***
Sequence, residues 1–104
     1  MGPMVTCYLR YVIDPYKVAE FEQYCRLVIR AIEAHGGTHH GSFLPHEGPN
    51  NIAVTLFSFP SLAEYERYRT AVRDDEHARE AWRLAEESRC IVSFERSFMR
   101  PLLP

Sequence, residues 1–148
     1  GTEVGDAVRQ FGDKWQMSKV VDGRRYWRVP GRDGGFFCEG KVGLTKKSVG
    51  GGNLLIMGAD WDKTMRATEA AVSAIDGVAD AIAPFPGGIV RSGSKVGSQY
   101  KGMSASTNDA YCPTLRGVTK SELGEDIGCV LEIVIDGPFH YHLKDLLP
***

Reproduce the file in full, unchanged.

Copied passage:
Sequence, residues 1–104
     1  MGPMVTCYLR YVIDPYKVAE FEQYCRLVIR AIEAHGGTHH GSFLPHEGPN
    51  NIAVTLFSFP SLAEYERYRT AVRDDEHARE AWRLAEESRC IVSFERSFMR
   101  PLLP

Sequence, residues 1–148
     1  GTEVGDAVRQ FGDKWQMSKV VDGRRYWRVP GRDGGFFCEG KVGLTKKSVG
    51  GGNLLIMGAD WDKTMRATEA AVSAIDGVAD AIAPFPGGIV RSGSKVGSQY
   101  KGMSASTNDA YCPTLRGVTK SELGEDIGCV LEIVIDGPFH YHLKDLLP